Coastal Plain Physiography Topics

1. Regional Setting
2. General Physiography
3. Beaches and Shores
Sea Level Changes
4. Special Features
• Introduction to Physiography
• Coastal Plain
• Piedmont
• Mesozoic Basins
• Blue Ridge
• Valley and Ridge
• Appalachian Plateaus
• Virginia's Rivers


Beaches and Shores, Part 4

Sea Level Changes (continued)

Longshore and Rip Currents

Longshore and rip currents are currents caused by wave action. 

• Longshore currents are caused by waves approaching the shoreline at an angle.

• This pattern pushes the water in the surf zone along the beach. This is called a longshore current.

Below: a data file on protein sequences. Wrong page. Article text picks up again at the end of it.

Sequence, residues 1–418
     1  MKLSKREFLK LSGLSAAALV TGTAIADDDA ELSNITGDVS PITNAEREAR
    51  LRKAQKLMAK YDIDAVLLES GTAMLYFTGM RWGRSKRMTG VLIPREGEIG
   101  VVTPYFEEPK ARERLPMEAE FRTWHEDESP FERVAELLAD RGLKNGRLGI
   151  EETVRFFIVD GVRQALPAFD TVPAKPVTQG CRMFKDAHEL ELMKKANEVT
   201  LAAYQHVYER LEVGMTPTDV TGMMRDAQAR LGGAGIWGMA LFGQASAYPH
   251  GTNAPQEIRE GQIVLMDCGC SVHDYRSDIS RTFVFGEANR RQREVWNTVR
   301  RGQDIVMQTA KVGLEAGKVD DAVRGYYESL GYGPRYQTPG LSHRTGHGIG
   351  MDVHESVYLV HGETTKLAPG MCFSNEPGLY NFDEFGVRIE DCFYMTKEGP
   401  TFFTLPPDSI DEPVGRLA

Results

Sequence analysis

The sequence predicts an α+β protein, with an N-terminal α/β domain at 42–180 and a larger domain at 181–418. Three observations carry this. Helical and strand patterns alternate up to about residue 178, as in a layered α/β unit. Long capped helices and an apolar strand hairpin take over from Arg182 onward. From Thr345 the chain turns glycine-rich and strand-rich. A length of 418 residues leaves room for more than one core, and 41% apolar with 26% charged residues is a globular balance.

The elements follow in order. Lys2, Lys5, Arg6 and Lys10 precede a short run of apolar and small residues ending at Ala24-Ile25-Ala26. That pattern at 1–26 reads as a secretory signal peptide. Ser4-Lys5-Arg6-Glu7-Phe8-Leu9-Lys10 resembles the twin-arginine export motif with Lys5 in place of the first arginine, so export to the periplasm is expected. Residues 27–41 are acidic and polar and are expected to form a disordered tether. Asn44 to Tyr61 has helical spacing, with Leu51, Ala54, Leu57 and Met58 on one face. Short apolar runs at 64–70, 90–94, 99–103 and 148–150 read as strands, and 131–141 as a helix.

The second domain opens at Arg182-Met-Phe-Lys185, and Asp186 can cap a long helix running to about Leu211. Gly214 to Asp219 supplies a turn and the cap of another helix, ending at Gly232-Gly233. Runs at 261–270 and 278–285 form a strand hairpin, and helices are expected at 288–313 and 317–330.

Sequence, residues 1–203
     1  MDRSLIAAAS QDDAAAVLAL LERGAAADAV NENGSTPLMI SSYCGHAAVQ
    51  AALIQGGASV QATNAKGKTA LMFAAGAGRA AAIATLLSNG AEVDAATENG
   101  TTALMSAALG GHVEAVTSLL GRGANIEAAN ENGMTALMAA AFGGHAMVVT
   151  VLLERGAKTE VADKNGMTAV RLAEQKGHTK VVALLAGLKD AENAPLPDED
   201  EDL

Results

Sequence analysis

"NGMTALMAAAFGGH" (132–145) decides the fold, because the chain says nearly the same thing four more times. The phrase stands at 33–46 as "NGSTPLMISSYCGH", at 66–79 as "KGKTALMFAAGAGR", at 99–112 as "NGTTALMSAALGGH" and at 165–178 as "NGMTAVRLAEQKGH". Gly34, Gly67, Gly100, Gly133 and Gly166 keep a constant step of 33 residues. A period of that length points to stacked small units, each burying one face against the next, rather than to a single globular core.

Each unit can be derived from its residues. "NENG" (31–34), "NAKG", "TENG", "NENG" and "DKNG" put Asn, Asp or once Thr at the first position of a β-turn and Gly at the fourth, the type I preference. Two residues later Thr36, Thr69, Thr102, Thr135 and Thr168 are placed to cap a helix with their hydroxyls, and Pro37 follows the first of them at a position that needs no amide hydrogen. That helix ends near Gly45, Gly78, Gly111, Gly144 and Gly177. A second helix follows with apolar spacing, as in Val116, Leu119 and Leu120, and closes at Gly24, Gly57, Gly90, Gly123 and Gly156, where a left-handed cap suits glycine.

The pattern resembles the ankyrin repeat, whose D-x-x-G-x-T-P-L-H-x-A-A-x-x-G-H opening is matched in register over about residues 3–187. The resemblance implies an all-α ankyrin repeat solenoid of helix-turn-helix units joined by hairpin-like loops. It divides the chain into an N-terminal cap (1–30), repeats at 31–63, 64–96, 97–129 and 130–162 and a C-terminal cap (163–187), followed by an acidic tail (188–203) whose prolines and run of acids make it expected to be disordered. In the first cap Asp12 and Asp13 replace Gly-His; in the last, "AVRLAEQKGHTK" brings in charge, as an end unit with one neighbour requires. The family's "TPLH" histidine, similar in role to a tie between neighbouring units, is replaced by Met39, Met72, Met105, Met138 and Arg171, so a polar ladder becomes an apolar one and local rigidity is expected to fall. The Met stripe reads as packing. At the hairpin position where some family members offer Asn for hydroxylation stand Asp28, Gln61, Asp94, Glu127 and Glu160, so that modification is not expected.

the area between the shore and the breakers where most waves break

• Wave uprush and backwash also move sand grains diagonally up and down the beach in the same direction as the longshore current.

• Large quantities of sediment can be moved along a coastline by these processes.

Longshore currents flowing along this coast (away from the viewer) have deposited sediments on the near side of the rigid structures in the water. Note the loss of sediment along the beach in the distance. (Figure from Hardaway and Byrne (1999))

• Rip currents occur when waves have "piled up" water close to the shore. When the higher water level gets too high, the water rushes out to sea, toward lower water levels, very quickly.